Today marks the official release for the “Full Color Comics” not only in Japan but also in the United States courtesy of Viz. The newly-colored version of the manga is kicking off in both regions with what we would consider the “Z”-portion of the story — Shueisha plans to do print versions through to the Freeza, Cell, and Majin Buu arcs while doing the first portion of the story digital-only, and at the same time Viz has committed (so far) to just a digital release in their Weekly Shonen Jump.
Expect a more formal review for both the Japanese and English releases later this month. In the mean time, how does this version stack up against the original manga release, and more specifically, what can we expect of Viz’s English version? Are there any artwork or translation adjustments being made?
Having the manga presented in full color like this is an interesting, even convoluted, situation. The manga had a series of chapters that were presented in color back in the original Japanese Weekly Shonen Jump printing, all of which were grayscaled-down for the tankōbon printing and then restored to color for the kanzenban release. There were also a great deal of semi-colored chapters with a reduced palette. With this new release, everything is being done from a consistent scheme right from the start (well, the start of the “Z”-portion, anyway!). This first chapter of the “Full Color Comics” was only ever presented in raw black-and-white, however, so the potential comparisons are limited.
There was also a “TV Version Anime Comics” release of the entire “Z”-portion of the manga which was released in its entirety in Japan, and in different amounts even in other countries like France and Germany. To this degree, a “color version” that is in “manga”-form already exists… though not in English!
What you are getting here in the new “Full Color Comics” is almost like a reverse, Dragon Ball Kai version of the manga: no “filler” material (there cannot be “filler” in manga to begin with, but filler from the TV Version Anime Comics obviously does not exist here), it is “closer” to the original author’s “vision” (literally being the original author’s own drawings), and so on.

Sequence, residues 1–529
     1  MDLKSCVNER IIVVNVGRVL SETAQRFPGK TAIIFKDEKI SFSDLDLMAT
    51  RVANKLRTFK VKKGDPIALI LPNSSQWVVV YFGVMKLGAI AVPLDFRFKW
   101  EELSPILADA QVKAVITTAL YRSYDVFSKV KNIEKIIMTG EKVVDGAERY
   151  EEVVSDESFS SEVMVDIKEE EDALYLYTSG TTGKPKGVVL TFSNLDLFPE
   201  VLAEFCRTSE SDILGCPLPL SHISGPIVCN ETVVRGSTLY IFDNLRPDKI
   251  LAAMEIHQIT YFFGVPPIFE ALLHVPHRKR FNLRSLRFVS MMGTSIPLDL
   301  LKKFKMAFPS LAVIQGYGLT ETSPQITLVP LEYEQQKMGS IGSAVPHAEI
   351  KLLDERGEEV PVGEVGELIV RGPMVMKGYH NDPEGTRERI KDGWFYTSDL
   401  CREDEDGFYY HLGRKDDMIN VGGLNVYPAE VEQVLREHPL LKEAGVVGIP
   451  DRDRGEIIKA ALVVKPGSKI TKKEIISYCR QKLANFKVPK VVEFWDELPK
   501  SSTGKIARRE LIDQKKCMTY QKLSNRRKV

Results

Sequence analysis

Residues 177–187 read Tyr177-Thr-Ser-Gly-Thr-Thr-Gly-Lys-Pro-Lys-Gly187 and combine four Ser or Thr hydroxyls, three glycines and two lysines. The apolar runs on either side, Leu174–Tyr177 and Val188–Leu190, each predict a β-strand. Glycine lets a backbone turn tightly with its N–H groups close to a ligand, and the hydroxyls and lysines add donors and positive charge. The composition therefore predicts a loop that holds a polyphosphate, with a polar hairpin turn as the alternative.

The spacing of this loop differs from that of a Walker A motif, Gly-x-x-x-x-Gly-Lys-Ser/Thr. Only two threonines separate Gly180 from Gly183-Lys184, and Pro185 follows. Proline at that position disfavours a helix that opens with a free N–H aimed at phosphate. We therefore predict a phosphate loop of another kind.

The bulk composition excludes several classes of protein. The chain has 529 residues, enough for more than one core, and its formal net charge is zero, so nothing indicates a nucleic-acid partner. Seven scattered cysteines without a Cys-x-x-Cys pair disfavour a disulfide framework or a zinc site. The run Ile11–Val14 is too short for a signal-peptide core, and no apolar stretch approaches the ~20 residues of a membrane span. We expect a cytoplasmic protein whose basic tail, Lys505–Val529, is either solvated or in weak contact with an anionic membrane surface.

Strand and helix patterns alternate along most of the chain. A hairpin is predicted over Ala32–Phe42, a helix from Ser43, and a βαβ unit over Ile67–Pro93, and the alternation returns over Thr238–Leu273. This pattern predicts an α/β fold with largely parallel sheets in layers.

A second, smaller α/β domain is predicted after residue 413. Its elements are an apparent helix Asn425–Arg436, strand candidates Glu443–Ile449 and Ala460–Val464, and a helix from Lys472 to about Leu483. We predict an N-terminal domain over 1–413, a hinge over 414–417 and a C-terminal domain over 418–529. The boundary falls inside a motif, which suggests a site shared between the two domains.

As noted in more detail over in our quick look at Shueisha’s Japanese release, bits of coloring are different than you might expect — Piccolo retains his more skin-tone arm color in the “Full Color Comics” as opposed to the pink-ish color in the TV adaptation.
The translation in Viz’s “Full Color Comics” edition here in the digital Weekly Shonen Jump remains the same as it has been in past print editions. Most notable is the lack of changes in Piccolo’s dialog. The character is given a somewhat strange tone throughout a good portion of his appearances in Viz’s translation, and with the series being split into “Dragon Ball” and “Dragon Ball Z” by Viz, this would have been folks’ first introduction to him in official English manga form. The example page above contains the following dialog in its original Japanese:
Nan da to!! Kisama dare ni mukatte shabette iru no ka wakatte iru no ka!!
In this particular case, Piccolo is speaking neither particularly old man-ish (as he sometimes is while still a villain), nor polite, but the line here is rather stiff and un-contracted. We would go with something like:
What was that?! Do you have any idea whom you are addressing?!
A prime example of how Piccolo speaks throughout the majority of his major appearances in Viz’s version, they went with:
What say you?! Know you not the one to whom you show such insolence?!
Examples like this are the very definition of translator’s-choice and deciding how literal, how flowery, and how obvious to go in the adaptation. In Piccolo’s case, however, it is not a decision we would have gone with, and were hoping for a little bit of tweaking here with a fresh start in the “Full Color Comics” version. This line may not seem like a “big deal”, but it can get a little out-of-hand at times, and consistency is lost when characters like Murasaki that do speak in an archaic style in Japanese do not get an appropriate treatment in Viz’s translation.
Much like the rest of the material in Viz’s Weekly Shonen Jump, sound effects are left in their original Japanese, and not redrawn as a translation on the page (as was done in prior print editions).
The first three volumes of the “Saiyan Arc” of the “Full Color Comics” — each 248 pages — are available today in Japan from Shueisha for ¥630 a pop, with the “Freeza Arc” volumes expected in April.
Viz will be including one chapter of the “Full Color Comics” in each issue of their Weekly Shonen Jump — previously Shonen Jump Alpha — starting with this week’s (04 February 2013) issue. A single issue is $0.99 a pop, while a yearly subscription is available for $25.99. Digital manga purchases from Viz have recently switched from a quasi-licensed-rental to “download to own”, meaning that — as long as Viz exists as a company and continues to provide the service — any purchases made will remain accessible to the owner even if a subscription lapses.
Let us know what you think of the release!